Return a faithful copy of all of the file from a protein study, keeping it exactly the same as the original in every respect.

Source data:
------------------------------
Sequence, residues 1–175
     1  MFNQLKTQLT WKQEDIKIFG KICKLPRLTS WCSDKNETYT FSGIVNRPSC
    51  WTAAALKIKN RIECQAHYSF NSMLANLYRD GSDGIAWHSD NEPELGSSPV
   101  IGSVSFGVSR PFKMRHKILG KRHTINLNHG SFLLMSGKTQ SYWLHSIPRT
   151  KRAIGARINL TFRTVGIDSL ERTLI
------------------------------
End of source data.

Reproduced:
Sequence, residues 1–175
     1  MFNQLKTQLT WKQEDIKIFG KICKLPRLTS WCSDKNETYT FSGIVNRPSC
    51  WTAAALKIKN RIECQAHYSF NSMLANLYRD GSDGIAWHSD NEPELGSSPV
   101  IGSVSFGVSR PFKMRHKILG KRHTINLNHG SFLLMSGKTQ SYWLHSIPRT
   151  KRAIGARINL TFRTVGIDSL ERTLI